Because the passive-aggressive person inherently believes they are blameless, innocent, and basically good people, anything that threatens that view of themselves threatens the very core of their being. They live in a world where they must conceal all the "awful" things about themselves at all costs.

Yet, for the most, none of these things are awful at all. They are normal human emotions. Emotions like anger, disappointment, sorrow. The passive-aggressive, perfect as they are in their own minds, simply do not get angry. They do not yell, nor are they so undignified as to lose their temper. They'll leave that up to you, so that, once again, they can justify that they are the ones in control. While you, on the other hand, are clearly a difficult and hurtful person.

As they hunger so much for approval, if they don't get it when they expect, the rage will come out. But the rage comes out in a muted form: sighs, sulks, sniffs. That way, they can easily maintain their façade, if questioned, that they are not angry at all. Somehow admitting to normal human emotions is next to impossible for these people.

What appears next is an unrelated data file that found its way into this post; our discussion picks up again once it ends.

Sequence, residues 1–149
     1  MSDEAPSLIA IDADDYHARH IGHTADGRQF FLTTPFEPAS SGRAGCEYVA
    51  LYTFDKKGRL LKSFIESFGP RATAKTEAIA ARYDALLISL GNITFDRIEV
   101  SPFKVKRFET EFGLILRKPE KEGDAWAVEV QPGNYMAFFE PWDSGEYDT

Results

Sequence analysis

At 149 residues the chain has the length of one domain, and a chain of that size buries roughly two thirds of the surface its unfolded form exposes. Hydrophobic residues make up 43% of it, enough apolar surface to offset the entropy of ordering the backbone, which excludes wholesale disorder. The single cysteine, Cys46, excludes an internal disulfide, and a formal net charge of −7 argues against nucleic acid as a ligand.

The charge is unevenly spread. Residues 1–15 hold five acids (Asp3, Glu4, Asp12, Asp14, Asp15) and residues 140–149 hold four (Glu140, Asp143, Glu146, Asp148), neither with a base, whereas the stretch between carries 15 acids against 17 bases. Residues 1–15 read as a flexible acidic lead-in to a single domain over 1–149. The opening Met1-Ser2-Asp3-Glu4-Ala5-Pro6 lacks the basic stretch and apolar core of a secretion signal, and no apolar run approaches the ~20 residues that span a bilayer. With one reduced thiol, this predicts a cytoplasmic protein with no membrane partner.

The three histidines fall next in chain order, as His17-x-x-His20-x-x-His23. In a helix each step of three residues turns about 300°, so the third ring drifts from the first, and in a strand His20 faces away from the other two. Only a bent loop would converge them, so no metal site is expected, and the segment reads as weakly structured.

So, how best to cope with one?

  1. If you ask "What is wrong?" in response to a period of pronounced sighing or sulking and the answer is "Oh, nothing," simply say, "Okay". This is making the PA responsible for their own responses. In time it may make them actually admit that they are angry, and valuable progress may be made. As a bonus, you, as the potential victim, will not get sucked in to yet another round of Question and Answer Time, where you will ultimately lose.